Freeway Free in California: The Anderson Valley
The Anderson valley, centered around Boonville, is so remote that linguists used to visit to study the evolution of “Boontling”, the dialect spoken by the inhabitants when keeping secrets from outsiders. The valley is accessible only by twisty and nausea-inducing Hwy 128 at one end, and the “Tunnel to the Sea” through a second-growth redwood forest along the Navarro River on the other end. But if you make it over the pass, you will feel as though you have gone back in time and space to the Napa Valley as it was a half-century ago.
Here in late May the rolling hills are just finishing with spring, looking like sun-faded green velvet curtains dropped in heaps.
Here wineries make award-winning pinot noir and cabernets, and the traffic is nominal, the parking is easy, and the tasting is mostly still free.
Here you can buy chilled apple cider and many old-fashioned varieties of apples at Gowan’s Oak Tree, just next to the road in Philo surrounded by its orchards.
Here is a State Park where you can see old-growth redwoods without having to take a shuttle bus with a ticket in advance. Hendy Woods State Park was bequeathed to the state of CA by James P. Hendy, whose fortune came from the steel company whose sign you can still see bordering the railway tracks in Sunnyvale, so there is a local connection.
Here the coffee shop (there is only one, the Redwood Café,) has regulars instead of WiFi, and you can hear the morning’s gossip about who bought Dan’s old truck or admire the 5th Grade Science Fair ribbon won by the owner’s grandson which dangles from the wall along with team pictures of the Boonville Panthers basketball team and the cheerleading squad (which looks to be large enough to provide a cheerleader girlfriend for each guy on the team.)
The valley can be hot in late spring and summer, so you can go for a dip in the Navarro River (access by the bridge just outside the park) or escape to the coast, with coastal scenery rivalling Big Sur, and a thirty-degree drop in temperature.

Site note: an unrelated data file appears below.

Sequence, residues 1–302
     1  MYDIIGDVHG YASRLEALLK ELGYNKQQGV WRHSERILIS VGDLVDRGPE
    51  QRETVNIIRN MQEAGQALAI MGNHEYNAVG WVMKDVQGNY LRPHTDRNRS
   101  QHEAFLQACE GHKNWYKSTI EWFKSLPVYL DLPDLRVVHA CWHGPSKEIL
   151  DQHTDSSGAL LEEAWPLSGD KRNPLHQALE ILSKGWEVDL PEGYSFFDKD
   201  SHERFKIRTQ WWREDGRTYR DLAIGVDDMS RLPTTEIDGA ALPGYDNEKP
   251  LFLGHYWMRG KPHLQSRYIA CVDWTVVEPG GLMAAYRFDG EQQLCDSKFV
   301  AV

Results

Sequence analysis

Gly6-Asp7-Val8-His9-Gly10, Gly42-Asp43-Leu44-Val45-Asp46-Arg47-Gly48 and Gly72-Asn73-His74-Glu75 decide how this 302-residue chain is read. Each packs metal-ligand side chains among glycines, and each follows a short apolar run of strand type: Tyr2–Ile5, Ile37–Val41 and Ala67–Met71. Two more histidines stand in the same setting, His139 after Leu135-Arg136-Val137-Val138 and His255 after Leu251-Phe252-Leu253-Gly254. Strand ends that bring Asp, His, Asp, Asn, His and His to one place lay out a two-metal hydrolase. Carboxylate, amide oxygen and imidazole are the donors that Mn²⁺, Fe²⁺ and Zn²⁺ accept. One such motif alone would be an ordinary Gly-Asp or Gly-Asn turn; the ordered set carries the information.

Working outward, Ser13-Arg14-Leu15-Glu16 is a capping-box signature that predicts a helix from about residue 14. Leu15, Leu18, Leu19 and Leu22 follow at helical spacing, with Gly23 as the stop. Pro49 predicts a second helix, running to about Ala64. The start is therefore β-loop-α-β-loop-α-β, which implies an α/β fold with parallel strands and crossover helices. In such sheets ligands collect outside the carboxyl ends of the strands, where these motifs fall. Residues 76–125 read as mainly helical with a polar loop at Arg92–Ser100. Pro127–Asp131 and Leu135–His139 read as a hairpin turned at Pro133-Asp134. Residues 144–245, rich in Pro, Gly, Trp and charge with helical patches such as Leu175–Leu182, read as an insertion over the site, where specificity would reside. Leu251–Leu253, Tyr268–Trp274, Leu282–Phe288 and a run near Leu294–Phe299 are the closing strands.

You can go north at the coast to the famously quaint village of Mendocino, once an artist colony but now the home of film festivals, bed & breakfast inns, and other trappings of cutesification. You can go further north to Ft. Bragg and the Mendocino Botanical Garden, a floral extravaganza in spring featuring 10-foot rhododendrons and azaleas, turning in summer to feature dahlias and roses.
If you want more of the coastal scenery, you can cross the Highway 1 bridge going south across the Navarro River and wind your way down to Elk (Population 208). Don’t miss the left turn on the Philo-Greenwood Road or you will find yourself on a very steep, twisty section of Hwy 1 with no guard rails and very few turnouts. The Philo-Greenwood Road itself is narrow and twisty, but encased in what seems like deep woods – until there is a gap and you realize you are perched on a ridge with a steep drop on either side, with the Anderson Valley spread out like a patchwork quilt of vineyards and apple orchards on the right, and the coastal view to the ocean dropping away on the left.
When out-of-state visitors come and want to visit the Napa Valley, I usually direct them to Sonoma or to the Alexander Valley north of Healdsburg instead. They come back happy with memories of the quaint Sonoma town square, and of visits to Dry Creek Vineyard or the Coppola Vineyards Tasting Room replete with “Godfather” memorabilia. The Anderson Valley is a bit too far for tourists, the road a bit too challenging. It is still (until now) my secret step back in time.